Instead, the creature is a potent Psychic-type, and possesses all the powers one would expect of such a being. In addition to the aforementioned telepathy, Lugia has displayed potent aerokinetic and hydrokinetic abilities, and can surround itself with a sphere of telekinetic force which blunts the strength of special attacks. It can also assault an opponent with an invisible barrage of psionic force, and it appears to be somewhat precognitive in that it can foresee what actions those around it will make in the immediate future and react accordingly.

As mentioned above, Lugia is an avid singer, and it can sometimes be heard leading pods of Wailmer, Wailord, and Dragonite in choral whale song; sonar examination has revealed that these songs also function as a form of echolocation, allowing Lugia to navigate the lightless depths of the ocean by sound alone.


Lugia is a gentle and compassionate organism, not given to fits of violence or anger. That said, the beast is—quite rightly—considered a god by many of the world’s faiths, and while it is difficult to anger the Guardian of the Sea, once its ire has been roused it will demonstrate precisely why a god is not to be trifled with. Lugia’s power is extraordinary, being equivalent to Ho-Oh and the beasts of the Weather Triad, and it can end a fight swiftly no matter what sort of opposition it may face, be it with or without fatalities: a Team Aqua cell which had been sent to capture the Soulstorm for their own ends was quickly dispatched by a single flap of the Titan’s wings, and they awoke hours later to discover that they had been blown from Hoenn clear to Sinnoh, halfway across the world.

As previously mentioned, Lugia’s tough hide and telekinetic barriers give it a potent defence that only the strongest of Rock-types could hope to break through, and it can deal with such enemies by expelling a pressurized jet of nearly one thousand gallons of seawater from its mouth. Furthermore, the devastating power of its signature ability—dubbed the Aeroblast by the media—is well-known from media coverage of the Millennial Crisis: by gathering and condensing air molecules in its mouth while using its aerokinetic powers to churn the resulting wind, Lugia is capable of firing a beam of hypersonic wind and ionized particles with enough speed and force to turn a mountain—or a flying fortress such as the one formerly used by Lawrence III—into a puddle of fine sand and iron filings.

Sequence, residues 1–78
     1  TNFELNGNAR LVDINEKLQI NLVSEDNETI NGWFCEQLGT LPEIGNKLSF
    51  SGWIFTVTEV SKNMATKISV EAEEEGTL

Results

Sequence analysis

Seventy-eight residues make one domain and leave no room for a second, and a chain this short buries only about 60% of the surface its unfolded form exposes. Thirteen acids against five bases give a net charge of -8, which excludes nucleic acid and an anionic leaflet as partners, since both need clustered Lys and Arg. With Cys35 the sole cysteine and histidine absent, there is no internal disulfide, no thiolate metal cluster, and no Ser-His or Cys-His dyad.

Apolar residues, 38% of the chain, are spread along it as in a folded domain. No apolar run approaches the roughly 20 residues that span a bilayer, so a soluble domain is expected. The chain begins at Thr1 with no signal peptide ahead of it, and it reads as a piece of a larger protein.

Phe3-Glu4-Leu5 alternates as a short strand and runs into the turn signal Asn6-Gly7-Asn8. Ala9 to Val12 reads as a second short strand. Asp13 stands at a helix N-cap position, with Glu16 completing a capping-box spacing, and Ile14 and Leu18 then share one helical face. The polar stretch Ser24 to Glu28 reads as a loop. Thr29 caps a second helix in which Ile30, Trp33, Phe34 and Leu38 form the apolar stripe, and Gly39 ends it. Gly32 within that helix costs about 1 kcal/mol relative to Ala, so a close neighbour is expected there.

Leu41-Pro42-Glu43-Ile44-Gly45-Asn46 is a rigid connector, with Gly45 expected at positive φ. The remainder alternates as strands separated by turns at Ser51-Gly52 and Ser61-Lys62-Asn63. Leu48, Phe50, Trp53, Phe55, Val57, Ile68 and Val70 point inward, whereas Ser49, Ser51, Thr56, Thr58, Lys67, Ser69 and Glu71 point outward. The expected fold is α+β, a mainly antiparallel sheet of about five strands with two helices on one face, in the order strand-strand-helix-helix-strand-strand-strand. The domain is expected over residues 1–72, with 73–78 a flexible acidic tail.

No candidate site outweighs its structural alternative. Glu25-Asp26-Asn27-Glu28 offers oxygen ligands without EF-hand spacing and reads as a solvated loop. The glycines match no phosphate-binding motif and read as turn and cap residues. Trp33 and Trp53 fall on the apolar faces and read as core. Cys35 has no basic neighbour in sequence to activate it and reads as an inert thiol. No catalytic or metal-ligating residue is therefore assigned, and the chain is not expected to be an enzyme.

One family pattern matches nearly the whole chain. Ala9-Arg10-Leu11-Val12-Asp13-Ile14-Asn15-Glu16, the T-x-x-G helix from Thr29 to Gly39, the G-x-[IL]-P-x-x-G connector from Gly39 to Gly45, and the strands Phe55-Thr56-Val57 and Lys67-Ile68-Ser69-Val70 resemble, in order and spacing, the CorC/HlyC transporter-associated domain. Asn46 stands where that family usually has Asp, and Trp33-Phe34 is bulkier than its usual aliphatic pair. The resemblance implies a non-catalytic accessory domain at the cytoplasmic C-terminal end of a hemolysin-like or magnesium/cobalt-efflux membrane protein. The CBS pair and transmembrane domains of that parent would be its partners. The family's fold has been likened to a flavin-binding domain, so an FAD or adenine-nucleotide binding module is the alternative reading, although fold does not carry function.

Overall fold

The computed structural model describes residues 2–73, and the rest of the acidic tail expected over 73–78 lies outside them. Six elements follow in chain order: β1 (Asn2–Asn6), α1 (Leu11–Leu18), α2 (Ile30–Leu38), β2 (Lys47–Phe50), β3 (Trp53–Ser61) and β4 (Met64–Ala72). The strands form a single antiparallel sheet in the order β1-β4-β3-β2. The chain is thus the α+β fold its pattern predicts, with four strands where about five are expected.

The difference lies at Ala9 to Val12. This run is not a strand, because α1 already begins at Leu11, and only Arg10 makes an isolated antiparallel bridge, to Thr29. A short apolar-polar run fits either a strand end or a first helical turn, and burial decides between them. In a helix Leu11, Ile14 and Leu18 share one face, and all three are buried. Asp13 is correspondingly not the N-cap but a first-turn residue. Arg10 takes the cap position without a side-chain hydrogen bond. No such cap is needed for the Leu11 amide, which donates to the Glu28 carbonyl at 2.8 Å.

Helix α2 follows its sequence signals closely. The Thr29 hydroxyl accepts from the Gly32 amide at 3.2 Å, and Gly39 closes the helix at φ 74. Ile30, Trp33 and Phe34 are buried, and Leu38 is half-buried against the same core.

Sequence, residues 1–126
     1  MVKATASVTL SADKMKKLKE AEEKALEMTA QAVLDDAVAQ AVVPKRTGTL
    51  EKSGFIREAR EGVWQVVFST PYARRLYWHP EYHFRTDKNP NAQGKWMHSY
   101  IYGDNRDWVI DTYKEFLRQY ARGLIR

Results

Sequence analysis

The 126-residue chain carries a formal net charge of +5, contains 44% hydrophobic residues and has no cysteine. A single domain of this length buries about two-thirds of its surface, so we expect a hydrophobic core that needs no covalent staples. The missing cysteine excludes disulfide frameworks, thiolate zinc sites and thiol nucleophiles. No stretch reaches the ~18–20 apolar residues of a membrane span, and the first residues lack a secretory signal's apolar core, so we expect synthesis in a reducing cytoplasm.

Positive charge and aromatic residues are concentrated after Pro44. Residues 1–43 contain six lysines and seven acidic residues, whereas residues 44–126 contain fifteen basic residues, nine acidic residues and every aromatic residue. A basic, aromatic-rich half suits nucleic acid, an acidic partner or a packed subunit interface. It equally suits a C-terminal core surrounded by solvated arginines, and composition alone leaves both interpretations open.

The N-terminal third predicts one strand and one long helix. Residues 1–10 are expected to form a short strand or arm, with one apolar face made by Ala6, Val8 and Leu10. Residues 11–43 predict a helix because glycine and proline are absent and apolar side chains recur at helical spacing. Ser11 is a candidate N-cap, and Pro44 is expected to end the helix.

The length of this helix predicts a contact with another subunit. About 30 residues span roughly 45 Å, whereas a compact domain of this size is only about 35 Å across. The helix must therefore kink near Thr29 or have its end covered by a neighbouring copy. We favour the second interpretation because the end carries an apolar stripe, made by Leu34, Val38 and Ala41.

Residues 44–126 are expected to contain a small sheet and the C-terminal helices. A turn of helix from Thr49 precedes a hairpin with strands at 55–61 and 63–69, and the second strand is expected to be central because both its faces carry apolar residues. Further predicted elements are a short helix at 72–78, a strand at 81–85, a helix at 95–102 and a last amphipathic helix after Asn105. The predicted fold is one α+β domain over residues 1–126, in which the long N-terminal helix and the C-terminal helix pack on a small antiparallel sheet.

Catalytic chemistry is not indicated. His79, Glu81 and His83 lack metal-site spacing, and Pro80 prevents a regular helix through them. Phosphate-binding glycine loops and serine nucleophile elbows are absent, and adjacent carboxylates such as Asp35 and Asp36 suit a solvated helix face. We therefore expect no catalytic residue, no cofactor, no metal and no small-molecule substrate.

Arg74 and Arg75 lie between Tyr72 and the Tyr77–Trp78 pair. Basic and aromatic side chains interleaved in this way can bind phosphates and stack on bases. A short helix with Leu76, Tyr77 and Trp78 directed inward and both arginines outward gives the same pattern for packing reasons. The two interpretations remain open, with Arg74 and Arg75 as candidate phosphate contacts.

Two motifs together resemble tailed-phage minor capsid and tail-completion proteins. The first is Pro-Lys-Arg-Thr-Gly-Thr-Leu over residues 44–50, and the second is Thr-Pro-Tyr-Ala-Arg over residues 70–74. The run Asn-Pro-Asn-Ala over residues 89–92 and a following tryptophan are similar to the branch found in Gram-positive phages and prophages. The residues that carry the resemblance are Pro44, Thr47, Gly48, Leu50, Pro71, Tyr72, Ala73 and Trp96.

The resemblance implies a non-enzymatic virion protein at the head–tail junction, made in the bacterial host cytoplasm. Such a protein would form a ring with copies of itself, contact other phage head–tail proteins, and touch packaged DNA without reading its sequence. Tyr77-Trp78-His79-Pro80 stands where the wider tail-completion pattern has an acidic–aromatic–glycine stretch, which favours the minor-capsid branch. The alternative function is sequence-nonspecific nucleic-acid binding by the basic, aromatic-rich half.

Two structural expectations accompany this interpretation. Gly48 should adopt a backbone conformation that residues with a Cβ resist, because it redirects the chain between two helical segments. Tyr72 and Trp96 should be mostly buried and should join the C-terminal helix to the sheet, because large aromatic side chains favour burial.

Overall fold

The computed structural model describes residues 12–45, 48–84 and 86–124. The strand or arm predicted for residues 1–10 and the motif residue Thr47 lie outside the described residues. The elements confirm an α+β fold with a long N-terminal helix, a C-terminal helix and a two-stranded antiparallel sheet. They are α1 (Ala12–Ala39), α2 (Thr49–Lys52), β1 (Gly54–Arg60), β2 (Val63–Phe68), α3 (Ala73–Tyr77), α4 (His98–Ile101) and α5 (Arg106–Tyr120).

To face down such awesome destructive power is suicide, so if one encounters Lugia in the wild, it is advisable that one does nothing to anger the Titan; Lugia tends to spare those foolish enough to challenge it more often than not, but the beast’s vast power is so difficult for it to control that more than a few accidental deaths have occurred as a result.


Because of its immense religious significance, calm demeanour and tremendous power, Lugia has a recurring role in a number of video games produced by a well-known company which specializes in the roleplaying genre. In such games it typically appears as a powerful entity the player character must subdue late in the game so that he or she might call upon its power to unleash devastating attacks on enemy Pokémon; possessing it is typically optional, but it often makes battling the final boss of any particular game much less of a hassle.

Written by Sullen Frog